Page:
Street dogs whose cacophony kept night watchmen awake and the police on high alert, mysteriously disappeared after Hillary Clinton visited us, as did the potholes and trenches we were used to circumnavigating, every time we ventured into the street. So now it’s a smooth ride home and a quiet night’s rest for everyone, including those armed to the teeth, left in charge of our safety. But little doggies are making a silent comeback.
A couple of days ago, they installed two more security cameras outside the US consul general’s residence: one to scan the side wall for monkeys and predators and another looking down on people who pass by their front door.
Nemai, our street’s proverbial mentally challenged but precocious resident, who hurls stones and abuse at people who taunt him and whom the Americans and Brits and even Buddhobabu’s and Didi’s honchos could do nothing about but politely tolerate, watched the hoisting of the cameras with beady eyes and a churlish grin. He’d seen it all happen before. All of us Bengalis in Calcutta love to watch people wasting time. That is such a delicious waste of time.
In an age when we are fast losing our sense of humour and paranoically jumping out of our skins at the pop of bubblegum balloons, security on Harrington Ho Chi Minh has to be one of the longest running farces in our theatre of the absurd.
Starting at the head of the street where beside a derelict abandoned construction site that has plenty of room for snipers to take up positions looking in several directions, we walk along a blind alley that leads us to Paikpara’s palace that was once the last bastion of armed Gurkhas who have been replaced by potbellied and beetle-chewing non-beefeating yeomen who shoo away pesky ravens who haven’t learnt they can’t get visas there anymore, and guard the Queen’s plenipotentiary, under the shadows of Metro Plaza’s Towers and a shopping maze of hundreds carrying suspicious bags of kitsch merchandise.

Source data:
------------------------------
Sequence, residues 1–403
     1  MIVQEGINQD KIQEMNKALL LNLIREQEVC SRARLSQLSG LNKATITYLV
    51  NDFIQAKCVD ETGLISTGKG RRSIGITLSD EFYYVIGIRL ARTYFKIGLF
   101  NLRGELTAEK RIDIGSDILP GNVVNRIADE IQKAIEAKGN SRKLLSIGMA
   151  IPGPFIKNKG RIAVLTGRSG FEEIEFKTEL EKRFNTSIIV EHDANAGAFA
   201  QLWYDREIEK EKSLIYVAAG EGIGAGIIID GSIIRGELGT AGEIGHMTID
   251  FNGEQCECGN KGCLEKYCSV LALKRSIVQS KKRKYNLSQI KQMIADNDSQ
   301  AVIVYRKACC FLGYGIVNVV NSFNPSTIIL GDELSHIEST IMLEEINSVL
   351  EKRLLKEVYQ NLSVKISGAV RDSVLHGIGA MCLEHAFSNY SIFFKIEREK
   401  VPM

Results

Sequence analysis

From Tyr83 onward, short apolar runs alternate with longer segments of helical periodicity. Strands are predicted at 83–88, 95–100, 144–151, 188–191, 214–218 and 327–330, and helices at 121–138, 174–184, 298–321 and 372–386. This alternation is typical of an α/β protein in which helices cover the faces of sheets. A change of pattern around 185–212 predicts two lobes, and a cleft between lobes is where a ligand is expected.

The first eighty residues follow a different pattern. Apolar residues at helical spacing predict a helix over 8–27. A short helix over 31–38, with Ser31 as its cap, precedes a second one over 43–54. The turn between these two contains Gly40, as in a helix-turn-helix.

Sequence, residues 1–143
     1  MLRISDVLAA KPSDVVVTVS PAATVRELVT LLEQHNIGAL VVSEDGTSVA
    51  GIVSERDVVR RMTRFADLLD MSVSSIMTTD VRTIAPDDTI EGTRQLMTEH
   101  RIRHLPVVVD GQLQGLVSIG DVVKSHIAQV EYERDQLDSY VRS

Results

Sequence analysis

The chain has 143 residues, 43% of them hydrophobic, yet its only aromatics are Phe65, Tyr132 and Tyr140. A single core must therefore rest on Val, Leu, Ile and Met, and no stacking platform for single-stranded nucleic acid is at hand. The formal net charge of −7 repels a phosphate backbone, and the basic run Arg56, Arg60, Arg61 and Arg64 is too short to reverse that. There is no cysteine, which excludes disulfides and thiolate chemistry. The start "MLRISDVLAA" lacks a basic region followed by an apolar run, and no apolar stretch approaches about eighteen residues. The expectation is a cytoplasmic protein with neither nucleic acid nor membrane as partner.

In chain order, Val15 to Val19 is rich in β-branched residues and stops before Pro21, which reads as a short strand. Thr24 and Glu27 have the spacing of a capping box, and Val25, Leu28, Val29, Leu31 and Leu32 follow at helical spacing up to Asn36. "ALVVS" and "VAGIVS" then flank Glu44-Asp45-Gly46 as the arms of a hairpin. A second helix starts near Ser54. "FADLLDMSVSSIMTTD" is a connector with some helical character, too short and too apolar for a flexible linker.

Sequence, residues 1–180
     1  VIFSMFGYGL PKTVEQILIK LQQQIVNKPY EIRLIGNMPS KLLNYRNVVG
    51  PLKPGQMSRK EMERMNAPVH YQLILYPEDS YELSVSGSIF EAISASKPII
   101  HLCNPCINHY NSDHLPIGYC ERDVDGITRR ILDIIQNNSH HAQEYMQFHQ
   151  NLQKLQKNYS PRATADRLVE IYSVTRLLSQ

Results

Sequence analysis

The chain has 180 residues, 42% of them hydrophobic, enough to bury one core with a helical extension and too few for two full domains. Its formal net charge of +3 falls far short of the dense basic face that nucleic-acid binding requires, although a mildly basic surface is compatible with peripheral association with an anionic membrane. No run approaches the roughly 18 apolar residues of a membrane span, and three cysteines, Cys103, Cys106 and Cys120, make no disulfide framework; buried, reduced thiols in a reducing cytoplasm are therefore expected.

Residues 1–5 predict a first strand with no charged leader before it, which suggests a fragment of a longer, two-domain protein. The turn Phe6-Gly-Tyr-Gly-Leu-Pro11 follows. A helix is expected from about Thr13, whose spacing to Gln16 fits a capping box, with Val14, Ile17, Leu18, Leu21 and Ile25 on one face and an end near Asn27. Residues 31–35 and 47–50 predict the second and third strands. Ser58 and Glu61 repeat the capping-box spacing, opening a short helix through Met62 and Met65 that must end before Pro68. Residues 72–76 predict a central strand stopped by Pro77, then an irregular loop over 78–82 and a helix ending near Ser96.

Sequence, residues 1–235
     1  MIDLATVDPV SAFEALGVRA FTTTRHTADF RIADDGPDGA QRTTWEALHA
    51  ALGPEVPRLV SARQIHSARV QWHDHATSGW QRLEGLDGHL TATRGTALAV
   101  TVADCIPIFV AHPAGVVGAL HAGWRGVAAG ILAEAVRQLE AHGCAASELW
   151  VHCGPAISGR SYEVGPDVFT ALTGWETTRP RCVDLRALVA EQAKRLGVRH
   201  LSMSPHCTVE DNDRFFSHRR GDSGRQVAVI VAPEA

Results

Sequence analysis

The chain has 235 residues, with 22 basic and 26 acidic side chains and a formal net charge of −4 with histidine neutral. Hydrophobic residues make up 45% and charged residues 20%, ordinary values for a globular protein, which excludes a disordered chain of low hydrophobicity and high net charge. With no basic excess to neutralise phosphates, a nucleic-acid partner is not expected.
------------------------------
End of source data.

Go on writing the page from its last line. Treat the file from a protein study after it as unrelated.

A row of upright tin sheets has long divided the street in half so that walking or driving down Harrington Street is like travelling through a pipette that leads to a burette at the police chowki that has a tap of explosive experts and bomb detectors whose laidback efficiency and assiduous titration is a proven fact of life. They don’t salute and smile like liveried guards at five-star hotels, but they obviously have never missed a trick. I’ve known them for years and they obviously love this posting that shifts them just once a day from west to east, when the traffic turns, and then gives them the night off to watch Vishwaroopam.
I perched myself on a ledge at the same level as the security camera to see if I could take a bird-eye peek into shopping bags and handbags or necklines with spy cameras housed in diamonds. What I beheld was a fascinating Kabariwallah’s junkyard that has everything from gigantic bundles of office waste and broken chairs and bottles and mattresses and carpets and the sort of rubbish that housewives dispose of every day. I saw disillusioned immigrants waiting for their visa photographs to be spat out of computers and stray dogs who have adopted the place as a free-for-all breeding ground because so many grimy roadside foodstalls and some overrated houses of grime sell food whose leftovers are scattered for the poor and mangy to growl and fight over.